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What is a bridge in React Native ?

  • Last Updated : 19 Jul, 2021

A React Native app comprises two sides as given below.

  1. The JavaScript Side
  2. The Native Side

The Native Side should be Java or Kotlin for Android and Swift or Objective-C for iOS.

The huge reason for the popularity of React Native is that a bridge can be created between the JavaScript code and Native language. React Native is developed in a manner in which we can produce a bridge between the JavaScript code and the Native Language. The Bridge in React Native permits the JavaScript code and the Native code to interact with each other. Without the bridge in React Native, there is absolutely no means for the native code to transmit any information to the JavaScript code and vise versa.

Need of Bridge in React Native: Suppose we need reutilize few existing Java library without implementing it again in JavaScript. So, we can reutilize it in our React Native application with the use of Native Bridge. Sometimes, to build an application of production level, we will most likely need to use Native Bridge.

Working of bridge: When we hit our app icon to open our app then the OS designs the main thread (a UI thread a.k.a) and allots this thread to our app. This main thread creates the JavaScript thread and the shadow thread (also known as the shadow tree). The shadow thread’s task is to compute layouts described on the JavaScript side and redirect that detail to the Native side. Views are set down in JavaScript, computed in the Shadow tree, and redirected to the UI thread.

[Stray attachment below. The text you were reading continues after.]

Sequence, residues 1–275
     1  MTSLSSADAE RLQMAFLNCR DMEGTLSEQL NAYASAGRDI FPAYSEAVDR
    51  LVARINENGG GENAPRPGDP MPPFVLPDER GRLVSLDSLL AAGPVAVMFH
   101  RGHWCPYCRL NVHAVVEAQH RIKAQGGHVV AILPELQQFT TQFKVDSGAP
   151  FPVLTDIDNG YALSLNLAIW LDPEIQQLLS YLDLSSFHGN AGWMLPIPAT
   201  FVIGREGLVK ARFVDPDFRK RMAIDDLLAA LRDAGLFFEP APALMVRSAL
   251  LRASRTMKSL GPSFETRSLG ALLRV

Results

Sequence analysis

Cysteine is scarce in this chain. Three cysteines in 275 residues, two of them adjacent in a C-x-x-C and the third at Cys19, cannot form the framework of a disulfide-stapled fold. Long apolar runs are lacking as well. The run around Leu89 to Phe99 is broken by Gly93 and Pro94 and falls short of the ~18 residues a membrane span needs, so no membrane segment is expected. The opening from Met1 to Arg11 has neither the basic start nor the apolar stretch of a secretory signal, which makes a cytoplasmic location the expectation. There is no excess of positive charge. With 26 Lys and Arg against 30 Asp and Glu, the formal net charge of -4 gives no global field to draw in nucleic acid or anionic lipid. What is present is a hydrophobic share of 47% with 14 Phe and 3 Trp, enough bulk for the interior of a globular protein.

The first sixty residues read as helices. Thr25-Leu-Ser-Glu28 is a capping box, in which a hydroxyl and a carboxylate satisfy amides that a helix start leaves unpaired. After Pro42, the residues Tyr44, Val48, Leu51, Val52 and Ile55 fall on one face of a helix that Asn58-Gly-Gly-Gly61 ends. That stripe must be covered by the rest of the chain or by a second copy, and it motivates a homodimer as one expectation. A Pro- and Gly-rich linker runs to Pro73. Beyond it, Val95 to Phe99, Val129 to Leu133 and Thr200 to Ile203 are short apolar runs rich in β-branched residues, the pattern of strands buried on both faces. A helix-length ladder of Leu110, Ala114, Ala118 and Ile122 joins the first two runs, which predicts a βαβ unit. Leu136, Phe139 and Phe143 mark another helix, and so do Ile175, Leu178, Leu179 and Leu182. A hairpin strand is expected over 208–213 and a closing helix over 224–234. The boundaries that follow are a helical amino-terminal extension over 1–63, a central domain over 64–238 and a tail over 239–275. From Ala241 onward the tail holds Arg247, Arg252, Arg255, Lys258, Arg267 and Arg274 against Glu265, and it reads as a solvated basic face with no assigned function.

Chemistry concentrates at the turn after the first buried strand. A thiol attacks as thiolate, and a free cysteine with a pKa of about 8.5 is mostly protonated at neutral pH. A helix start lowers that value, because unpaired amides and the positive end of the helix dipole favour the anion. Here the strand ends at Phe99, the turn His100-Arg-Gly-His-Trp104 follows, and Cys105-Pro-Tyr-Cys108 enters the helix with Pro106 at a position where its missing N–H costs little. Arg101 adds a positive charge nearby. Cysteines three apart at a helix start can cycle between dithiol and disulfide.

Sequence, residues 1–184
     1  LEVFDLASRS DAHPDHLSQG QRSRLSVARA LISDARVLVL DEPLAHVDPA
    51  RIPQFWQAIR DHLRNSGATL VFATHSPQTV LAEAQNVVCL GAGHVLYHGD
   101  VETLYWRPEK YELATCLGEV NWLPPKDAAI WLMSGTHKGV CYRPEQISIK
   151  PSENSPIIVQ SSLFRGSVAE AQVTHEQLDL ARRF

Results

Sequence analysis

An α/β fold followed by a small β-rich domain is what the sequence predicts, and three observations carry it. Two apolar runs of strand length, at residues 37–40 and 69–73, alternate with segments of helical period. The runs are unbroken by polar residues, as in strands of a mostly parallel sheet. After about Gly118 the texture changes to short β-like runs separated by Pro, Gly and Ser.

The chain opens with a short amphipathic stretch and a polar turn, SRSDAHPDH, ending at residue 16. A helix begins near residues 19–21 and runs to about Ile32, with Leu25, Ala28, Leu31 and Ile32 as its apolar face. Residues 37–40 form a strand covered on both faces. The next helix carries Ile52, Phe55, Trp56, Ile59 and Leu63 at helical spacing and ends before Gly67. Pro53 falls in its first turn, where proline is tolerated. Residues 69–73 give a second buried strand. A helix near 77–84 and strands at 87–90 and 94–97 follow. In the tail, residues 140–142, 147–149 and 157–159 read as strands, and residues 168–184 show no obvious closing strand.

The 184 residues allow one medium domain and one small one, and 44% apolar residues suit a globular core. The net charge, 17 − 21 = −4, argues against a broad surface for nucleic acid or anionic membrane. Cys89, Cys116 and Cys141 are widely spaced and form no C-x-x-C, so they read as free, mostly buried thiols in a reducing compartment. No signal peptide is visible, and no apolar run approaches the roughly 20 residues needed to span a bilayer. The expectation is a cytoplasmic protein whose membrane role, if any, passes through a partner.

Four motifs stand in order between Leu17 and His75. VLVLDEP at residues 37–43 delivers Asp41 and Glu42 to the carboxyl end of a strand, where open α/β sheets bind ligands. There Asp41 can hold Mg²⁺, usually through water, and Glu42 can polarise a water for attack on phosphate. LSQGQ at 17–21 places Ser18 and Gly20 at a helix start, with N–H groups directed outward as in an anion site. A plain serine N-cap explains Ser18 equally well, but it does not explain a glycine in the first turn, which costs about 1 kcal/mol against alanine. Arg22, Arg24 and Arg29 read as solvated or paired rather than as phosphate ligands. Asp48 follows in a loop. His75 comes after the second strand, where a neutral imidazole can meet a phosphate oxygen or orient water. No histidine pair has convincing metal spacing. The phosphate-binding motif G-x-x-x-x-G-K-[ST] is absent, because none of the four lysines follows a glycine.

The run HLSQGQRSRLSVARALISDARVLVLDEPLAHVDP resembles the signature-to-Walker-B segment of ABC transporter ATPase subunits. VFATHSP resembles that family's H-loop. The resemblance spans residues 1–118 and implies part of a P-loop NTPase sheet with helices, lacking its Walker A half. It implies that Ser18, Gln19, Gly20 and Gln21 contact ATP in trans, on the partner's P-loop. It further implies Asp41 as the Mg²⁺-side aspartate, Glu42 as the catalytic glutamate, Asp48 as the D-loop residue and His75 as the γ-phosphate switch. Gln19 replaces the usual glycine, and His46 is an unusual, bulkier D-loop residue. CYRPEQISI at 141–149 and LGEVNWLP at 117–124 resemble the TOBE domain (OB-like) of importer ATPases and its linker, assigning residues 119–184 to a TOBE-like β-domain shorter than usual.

Dispatching data: Now we know that how layouts are described at the begin however what takes place after the app starts running? what happens when we need to impair a button? Does this detail is sent through the bridge?

To impair a button we may set a feature on the JavaScript side that will be redirected above the bridge like a serialized JSON object. Improvements on native views are grouped simultaneously and redirected over the native side at the ending of all iteration of the event loop.

Along with passing properties, we can pass a function that will run JavaScript code as a reaction to several events on the native side (such as a press to the button). We note this callback in JavaScript, which turns serialized and redirected to the native side. When we press the button, the native event is redirected to the JavaScript domain and the callback is performed. Now, we can also redirect events out from the native side to the JavaScript side directly without utilizing a callback. The issue is that if we begin this interactivity on the native side then we are not aware of who is paying attention to the JavaScript side, which can activate undesired steps and which can make our code difficult to debug. It makes furthermore sense to make use of callbacks of the JS side except have a definite cause not to.